Allyn’s old country roots shine on the disc namesake. “Do It Yourself” features a bevy of old-school picking and grinning and features Severs on banjo and Dobro, and Franklin and Hibbert on mandolins, slide guitars and more. Robert Kopec slaps acoustic bass while Bowers holds down a thick backbeat. Allyn’s choice of players fits her honed writing talent like a glove, and you can tell everyone is having a blast here. Background vocals come courtesy of Chris Burns, who clicks seamlessly with Allyn’s pristine pipes. Warm, 1970s country gold mixes with a blue collar, Tom Petty-styled chorus, making “Do It Yourself” a well-done deal.
“Lovely Lilly” brings recollections of the Beatles meet Kacey Musgraves in this casualty of love and lies. Special guest accordionist Joe Steinwand lays it down between the stalwart sounds of Franklin’s fiddle and Hibbert’s multi-string responsibilities. Rachel’s understanding of dynamics is completely refreshing, and she rides the crest of this dark ode to regret like a surfer in a tsunami.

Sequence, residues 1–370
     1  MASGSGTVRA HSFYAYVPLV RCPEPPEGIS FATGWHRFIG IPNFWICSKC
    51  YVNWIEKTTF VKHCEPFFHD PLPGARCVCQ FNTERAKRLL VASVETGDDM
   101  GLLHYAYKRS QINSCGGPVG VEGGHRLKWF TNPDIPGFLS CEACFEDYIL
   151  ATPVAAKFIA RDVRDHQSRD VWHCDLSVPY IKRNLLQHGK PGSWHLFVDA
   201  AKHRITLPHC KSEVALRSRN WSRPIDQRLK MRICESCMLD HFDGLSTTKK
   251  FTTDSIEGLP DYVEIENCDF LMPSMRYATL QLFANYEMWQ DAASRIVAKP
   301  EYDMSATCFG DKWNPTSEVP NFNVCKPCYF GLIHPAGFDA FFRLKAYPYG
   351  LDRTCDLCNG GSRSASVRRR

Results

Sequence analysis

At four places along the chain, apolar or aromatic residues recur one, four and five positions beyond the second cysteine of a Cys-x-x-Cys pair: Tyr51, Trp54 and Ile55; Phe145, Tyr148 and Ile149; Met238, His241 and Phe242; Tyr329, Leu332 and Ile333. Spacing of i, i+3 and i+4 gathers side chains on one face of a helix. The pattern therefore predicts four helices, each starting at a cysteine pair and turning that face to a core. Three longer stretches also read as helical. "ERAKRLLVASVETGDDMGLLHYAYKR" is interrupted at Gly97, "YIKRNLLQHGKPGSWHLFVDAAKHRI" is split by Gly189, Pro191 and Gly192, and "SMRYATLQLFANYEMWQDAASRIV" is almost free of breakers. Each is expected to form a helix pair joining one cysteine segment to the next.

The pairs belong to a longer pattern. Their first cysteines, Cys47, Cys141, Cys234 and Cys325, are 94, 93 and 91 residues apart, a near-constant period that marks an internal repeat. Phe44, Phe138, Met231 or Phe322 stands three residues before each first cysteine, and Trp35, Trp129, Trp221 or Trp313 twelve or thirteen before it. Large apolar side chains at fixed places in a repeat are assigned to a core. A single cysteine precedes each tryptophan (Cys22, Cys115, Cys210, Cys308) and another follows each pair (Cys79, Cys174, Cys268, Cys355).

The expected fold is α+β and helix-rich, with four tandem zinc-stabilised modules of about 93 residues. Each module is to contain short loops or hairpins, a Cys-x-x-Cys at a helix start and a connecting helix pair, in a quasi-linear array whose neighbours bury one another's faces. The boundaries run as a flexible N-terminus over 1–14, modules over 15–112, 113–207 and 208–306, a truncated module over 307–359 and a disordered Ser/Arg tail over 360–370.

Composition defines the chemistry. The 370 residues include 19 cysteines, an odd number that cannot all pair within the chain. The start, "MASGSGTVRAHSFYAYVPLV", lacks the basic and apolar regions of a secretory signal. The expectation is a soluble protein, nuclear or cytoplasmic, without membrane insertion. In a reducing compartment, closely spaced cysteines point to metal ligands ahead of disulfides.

Speaking of the Beatles, the next song on the CD is Allyn’s remake of “Dear Prudence” off of the infamous White Album. “Dear Prudence” is said to have been Lennon’s favorite Beatles song, and many have covered this Lennon ode to Prudence Farrow, actress Mia Farrow’s sister. When the Beatles went to India to study with Maharishi Mahesh Yogi, she reportedly so intensely concentrated on meditation that she wouldn’t come out of her room. Lennon supposedly wrote this song for her as a way to get her to come out and socialize with the gang.